Technology and the Music Industry: A Complicated Relationship

Technology and the Music Industry: A Complicated Relationship

As we try to wrap our collective heads around the onslaught of new disruptive technologies, writers often look to how they will define the future. But in today’s post I decided to look at how technology has shaped parts of the past and specifically at the interplay between technology and the economics of the music industry. As a classically trained musician this intersection has been of interest to me for as long as I can remember. And as this quick histography hopefully will show, the music industry has had a long and complicated relationship with technology.

It all started with the commercialization of sound recording and personal playback devices. Following Thomas Edison’s invention of the phonograph in 1877 came the vinyl and gramophone, innovations that fundamentally altered the way society consumed music and which laid the foundations for the era of on-demand content. As these technologies took root across the world, artists suddenly gained a new medium through which to reach larger audiences. Before, their music could only be heard in one place at one time, each performance lost to memory as soon as the last notes fell silent. Now, however, artists’ music could be reproduced almost anywhere and anytime, without their being physically present.

This was a true paradigm shift. The vinyl and gramophone, and their successive technological evolutions (cassettes, CDs), essentially decoupled a musician’s live performance from an audiences’ physical presence and resultantly decoupled the music industry’s dependence on ticket sales as a sole means of revenue generation. With this new way of consuming sound, the music industry had new means of content distribution, customer access and revenue streams. Record companies and recording studios formed, performances were immortalized and consumers derived higher utility (listen to what you want, when you want, as many times as you want). Because of technology, therefore, the recorded music industry was born and the music industry had a powerful new profit generator.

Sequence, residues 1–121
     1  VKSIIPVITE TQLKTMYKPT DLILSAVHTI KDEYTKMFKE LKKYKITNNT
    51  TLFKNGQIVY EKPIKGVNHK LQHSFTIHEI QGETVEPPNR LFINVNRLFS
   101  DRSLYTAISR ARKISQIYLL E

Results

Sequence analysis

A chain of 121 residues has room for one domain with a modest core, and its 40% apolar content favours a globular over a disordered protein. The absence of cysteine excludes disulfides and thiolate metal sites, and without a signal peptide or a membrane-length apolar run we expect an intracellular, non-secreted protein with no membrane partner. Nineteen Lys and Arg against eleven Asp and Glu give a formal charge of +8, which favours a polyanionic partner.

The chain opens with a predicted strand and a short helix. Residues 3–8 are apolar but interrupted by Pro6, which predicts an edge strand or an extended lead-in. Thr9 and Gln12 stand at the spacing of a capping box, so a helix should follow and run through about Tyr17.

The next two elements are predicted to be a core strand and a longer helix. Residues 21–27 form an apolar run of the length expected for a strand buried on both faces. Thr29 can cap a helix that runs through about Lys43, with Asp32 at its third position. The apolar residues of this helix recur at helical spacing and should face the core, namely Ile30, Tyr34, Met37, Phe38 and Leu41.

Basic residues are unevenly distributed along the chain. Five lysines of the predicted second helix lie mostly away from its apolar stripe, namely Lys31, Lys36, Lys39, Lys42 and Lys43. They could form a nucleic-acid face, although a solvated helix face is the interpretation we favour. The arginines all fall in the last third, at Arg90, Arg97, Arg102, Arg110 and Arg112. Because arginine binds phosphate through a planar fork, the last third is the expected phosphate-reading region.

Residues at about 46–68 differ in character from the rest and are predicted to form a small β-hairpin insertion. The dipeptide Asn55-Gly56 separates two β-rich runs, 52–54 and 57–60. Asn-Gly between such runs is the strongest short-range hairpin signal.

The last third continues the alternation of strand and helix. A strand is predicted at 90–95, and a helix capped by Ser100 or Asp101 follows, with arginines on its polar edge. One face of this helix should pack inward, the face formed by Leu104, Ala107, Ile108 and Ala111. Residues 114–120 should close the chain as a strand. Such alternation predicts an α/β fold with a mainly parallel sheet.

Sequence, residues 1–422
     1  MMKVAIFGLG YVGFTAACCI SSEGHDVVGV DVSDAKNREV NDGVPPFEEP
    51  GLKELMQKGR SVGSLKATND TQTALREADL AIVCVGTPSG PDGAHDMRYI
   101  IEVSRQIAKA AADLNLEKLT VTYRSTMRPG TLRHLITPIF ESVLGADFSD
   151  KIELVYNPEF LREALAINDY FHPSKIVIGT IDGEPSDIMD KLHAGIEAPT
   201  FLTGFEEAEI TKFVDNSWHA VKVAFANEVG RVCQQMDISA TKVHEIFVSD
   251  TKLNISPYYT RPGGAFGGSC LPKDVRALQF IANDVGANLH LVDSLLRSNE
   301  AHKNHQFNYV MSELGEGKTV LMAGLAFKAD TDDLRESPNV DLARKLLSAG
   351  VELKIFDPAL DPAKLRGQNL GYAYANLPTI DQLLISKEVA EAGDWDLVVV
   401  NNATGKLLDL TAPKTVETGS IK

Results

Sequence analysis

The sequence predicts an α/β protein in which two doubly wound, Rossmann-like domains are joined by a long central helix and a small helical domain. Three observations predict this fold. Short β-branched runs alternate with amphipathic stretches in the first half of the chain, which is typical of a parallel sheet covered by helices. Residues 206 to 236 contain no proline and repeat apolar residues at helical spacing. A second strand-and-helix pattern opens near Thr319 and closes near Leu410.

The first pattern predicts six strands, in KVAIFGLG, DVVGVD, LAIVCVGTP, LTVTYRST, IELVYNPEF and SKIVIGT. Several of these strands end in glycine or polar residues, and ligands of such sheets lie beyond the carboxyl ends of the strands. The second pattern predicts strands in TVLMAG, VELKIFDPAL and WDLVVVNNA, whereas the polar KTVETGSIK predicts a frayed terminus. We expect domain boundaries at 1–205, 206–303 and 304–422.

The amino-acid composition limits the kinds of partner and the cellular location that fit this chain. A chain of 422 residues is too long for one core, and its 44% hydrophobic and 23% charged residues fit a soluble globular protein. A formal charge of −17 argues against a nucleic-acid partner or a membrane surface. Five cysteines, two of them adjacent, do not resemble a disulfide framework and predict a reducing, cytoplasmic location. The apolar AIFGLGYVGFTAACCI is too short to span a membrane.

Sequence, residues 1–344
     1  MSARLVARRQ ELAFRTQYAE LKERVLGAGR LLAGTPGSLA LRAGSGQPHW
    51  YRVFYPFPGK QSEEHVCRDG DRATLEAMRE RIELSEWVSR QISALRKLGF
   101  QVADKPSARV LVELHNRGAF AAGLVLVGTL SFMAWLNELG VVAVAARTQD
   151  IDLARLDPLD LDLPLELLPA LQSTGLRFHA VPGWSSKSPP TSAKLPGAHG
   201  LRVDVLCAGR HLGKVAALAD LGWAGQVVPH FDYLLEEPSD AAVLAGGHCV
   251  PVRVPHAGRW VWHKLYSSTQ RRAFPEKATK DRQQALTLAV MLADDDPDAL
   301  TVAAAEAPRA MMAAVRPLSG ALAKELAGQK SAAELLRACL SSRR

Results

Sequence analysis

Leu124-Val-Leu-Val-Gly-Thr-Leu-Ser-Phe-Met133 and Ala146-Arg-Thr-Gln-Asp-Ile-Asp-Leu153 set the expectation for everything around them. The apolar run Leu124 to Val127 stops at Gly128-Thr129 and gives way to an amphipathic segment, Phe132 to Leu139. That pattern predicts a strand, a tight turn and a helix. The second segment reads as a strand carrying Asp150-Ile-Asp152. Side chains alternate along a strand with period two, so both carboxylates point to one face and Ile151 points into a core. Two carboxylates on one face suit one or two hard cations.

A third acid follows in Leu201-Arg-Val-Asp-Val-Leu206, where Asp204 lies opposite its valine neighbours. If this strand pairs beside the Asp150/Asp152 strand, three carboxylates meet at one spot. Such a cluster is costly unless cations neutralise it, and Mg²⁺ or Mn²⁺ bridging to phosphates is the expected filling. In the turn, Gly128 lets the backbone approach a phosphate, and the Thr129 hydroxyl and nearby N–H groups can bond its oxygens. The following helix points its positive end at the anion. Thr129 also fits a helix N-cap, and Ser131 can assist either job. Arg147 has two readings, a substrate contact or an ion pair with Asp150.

Then came the mp3. And boy was this one disruptive technology. The mp3 was so incredibly powerful because by digitizating music into mp3 files, the physical barrier to individual ownership of unique, individual sound files was now completely destroyed. Before the digital era, consumption of recorded music was inextricably linked to the physical medium on which the recording was stored. Ownership was at once physical and aural — you had the CD, for example, and therefore you owned a sound recording of a given song. And, you had to use the CD and CD player to hear it. There was no other way. Sound, then, was physical, and it was plastic.

The mp3 destroyed this literal and figurative sound barrier. Now consumers could buy a CD, “rip” the individual tracks from the plastic on which they were coded and then store these sound files on a computer. Once ripped, recordings were no longer physically restrained. They could be transported or shared instantly, all over the world. And Napster made sure to make that transportation as simple and immediate as possible. Because of the mp3, then, the music industry lost its iron grip on content distribution and thus compensation. Music piracy became rampant. If you were a record label, it was chaos. The stable economic model ushered in by the gramophone was unraveling.